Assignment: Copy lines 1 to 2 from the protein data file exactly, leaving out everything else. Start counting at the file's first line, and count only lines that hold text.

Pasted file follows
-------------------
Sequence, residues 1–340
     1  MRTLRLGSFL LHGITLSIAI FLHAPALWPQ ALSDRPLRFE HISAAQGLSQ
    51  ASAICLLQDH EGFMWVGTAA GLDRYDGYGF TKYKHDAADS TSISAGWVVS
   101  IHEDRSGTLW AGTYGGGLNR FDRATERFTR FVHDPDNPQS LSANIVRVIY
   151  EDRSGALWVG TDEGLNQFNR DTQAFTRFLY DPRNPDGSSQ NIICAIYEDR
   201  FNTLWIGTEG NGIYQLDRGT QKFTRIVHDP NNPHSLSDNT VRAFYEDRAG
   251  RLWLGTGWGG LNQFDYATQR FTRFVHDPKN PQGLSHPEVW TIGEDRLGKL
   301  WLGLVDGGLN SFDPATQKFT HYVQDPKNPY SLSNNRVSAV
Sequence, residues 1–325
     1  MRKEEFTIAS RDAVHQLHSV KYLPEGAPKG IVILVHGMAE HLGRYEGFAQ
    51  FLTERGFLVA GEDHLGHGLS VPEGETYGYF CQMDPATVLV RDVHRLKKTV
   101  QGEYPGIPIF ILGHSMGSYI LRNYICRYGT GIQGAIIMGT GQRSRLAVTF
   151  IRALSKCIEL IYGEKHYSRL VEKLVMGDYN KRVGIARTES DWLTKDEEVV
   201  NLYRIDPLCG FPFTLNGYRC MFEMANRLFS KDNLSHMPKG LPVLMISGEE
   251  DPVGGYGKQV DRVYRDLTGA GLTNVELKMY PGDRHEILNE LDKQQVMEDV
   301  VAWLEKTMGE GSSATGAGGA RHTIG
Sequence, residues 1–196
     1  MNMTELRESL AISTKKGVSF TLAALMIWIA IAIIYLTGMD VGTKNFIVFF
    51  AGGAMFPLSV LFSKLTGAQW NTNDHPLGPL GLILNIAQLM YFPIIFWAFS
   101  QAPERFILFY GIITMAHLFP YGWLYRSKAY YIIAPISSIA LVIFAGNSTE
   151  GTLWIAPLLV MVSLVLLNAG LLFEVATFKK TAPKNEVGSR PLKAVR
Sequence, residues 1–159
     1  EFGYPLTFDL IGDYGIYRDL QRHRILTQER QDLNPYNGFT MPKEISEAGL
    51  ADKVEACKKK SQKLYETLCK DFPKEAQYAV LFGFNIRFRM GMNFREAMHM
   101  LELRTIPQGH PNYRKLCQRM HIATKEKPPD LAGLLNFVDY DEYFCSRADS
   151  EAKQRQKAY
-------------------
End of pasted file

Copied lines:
Sequence, residues 1–340
     1  MRTLRLGSFL LHGITLSIAI FLHAPALWPQ ALSDRPLRFE HISAAQGLSQ